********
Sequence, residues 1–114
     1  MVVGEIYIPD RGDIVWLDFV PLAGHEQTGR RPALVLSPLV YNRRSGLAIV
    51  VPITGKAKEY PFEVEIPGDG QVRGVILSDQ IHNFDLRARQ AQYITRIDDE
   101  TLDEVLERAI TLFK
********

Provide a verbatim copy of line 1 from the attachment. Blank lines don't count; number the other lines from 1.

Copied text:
Sequence, residues 1–114